Since the 1970s, there has been quite a lot of new build development in the village. Packsaddle Park is a good example of this. It is a suburban development built on the grounds of Packsaddle House. In addition to this, there has been a lot of redevelopment of existing houses in the village.
Prestbury is situated in Cheshire East, a unitary authority area with borough status in the ceremonial county of Cheshire. Prestbury falls within the UK parliament constituency of Macclesfield, a strongly Conservative constituency represented by David Rutley, who gained office in the 2010 United Kingdom general election. The area is also represented in the European Parliament, the directly elected parliamentary institution of the European Union, by being part of North West England (European Parliament constituency).
St John's, Adlington, is a daughter church of St Peter's,
A new Methodist Church was built in 2001.
Prestbury falls within the Catholic parish of St Gregory's, Bollington.
Prestbury Church of England Primary School
Macclesfield Rugby Club
Livery yard with indoor arena for hire
Squash rackets club
Because of the lay of the land, the village is a natural traffic hub.
The road from Macclesfield to Altrincham (A538) carries traffic between Macclesfield and Wilmslow through the centre of the village. The Macclesfield to Hazel Grove road (A523), built in 1810, goes through the parish in a north–south direction, passing to the east of the village.
Buses 19 and 19X, Prestbury to Macclesfield
Prestbury is served by the Manchester to Macclesfield to Stoke-on-Trent railway line. Prestbury railway station was opened on 24 November 1845 and refurbished in 1986. The south entrance arch to Prestbury Railway Tunnel is grade II listed. The village centre is a few minutes walk from the railway station.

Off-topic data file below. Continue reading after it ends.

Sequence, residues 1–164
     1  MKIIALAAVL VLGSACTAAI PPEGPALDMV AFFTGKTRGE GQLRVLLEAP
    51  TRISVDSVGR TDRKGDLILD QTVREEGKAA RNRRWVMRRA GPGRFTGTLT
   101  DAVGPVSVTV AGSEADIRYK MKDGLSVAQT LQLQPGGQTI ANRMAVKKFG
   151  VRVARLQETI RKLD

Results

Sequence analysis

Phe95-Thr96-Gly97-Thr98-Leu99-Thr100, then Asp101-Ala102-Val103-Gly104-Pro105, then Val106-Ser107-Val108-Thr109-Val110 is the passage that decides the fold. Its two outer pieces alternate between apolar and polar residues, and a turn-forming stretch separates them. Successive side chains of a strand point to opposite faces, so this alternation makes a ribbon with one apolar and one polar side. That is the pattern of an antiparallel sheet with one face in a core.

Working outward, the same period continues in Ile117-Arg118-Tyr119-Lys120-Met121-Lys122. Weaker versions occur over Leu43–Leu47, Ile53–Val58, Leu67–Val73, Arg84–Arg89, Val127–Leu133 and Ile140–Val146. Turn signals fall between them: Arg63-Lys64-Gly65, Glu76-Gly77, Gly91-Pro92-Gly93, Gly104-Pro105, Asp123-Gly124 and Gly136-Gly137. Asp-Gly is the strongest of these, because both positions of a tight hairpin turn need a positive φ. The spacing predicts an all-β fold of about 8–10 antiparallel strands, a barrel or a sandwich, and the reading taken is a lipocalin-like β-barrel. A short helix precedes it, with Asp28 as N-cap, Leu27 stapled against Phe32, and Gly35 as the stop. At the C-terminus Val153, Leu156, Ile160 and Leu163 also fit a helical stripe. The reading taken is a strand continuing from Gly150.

Numerous stars of sport and entertainment have lived in Prestbury for various lengths of time, including:
- Wes Brown, professional footballer.
- Michael Carrick, professional football player, plays for Manchester United.
- Peter Crouch, professional footballer for Stoke City
- Ángel Di María, professional footballer, who signed for Manchester United in 2014 but later moved to Paris Saint-Germain in 2015.
- Andrew Flintoff, professional cricketer and former Vice-Captain of England.
- Alan Green, football commentator for the BBC
- Owen Hargreaves, professional footballer who has played for Manchester United and Manchester City.
- Brian Houghton Hodgson, pioneer naturalist and ethnologist working in India and Nepal where he was a British Resident.
- Noddy Holder, musician and actor, best known as the vocalist and guitarist with Slade, moved to the area from the West Midlands after rising to fame during the 1970s.
- Stephen Ireland, professional footballer
- Peter Mellor (born 1947), English-born American footballer and coach
- Stan Pearson, professional footballer who played for Manchester United. He ran a newsagent's shop and post office in Prestbury for 20 years until the 1980s.
- Wayne Rooney, professional footballer, moved to Prestbury after signing for Manchester United from Everton in 2004.
- Robbie Savage, professional footballer who has played for clubs including Manchester United (as a youth and reserve player), Leicester City and Birmingham City, as well as representing Wales.
- Carlos Tevez, professional footballer, who signed for Manchester United in 2007. But later moved to Manchester City in 2009.
- Mike Yarwood, comedian 
- Ashley Young, professional football player, plays for Manchester United.
1977 bank robberyEdit
In February 1977 the village made national headlines when two employees at the local branch of Williams & Glyn's Bank were murdered during a robbery. Whilst the sub-branch was closed for lunch 22-year-old senior cashier Ian Jebb was repeatedly stabbed and his assistant 19-year-old Susan Hockenhull kidnapped. As the branch was only manned by the two staff the alarm was only raised when customers were unable to enter the bank after the lunchtime closing period . Miss Hockenhull was later discovered on moorland, where she had died from hypothermia.
In October 1977 David Walsh, 30, who was employed as a contractor to service adding machines at the bank and who was known to the victims, was found guilty at Chester Crown Court of their murders and sentenced to life imprisonment. He also received 15 years' imprisonment for the robbery which netted £2,445.
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- The Times, London, Monday 28 February 1977, page 1,2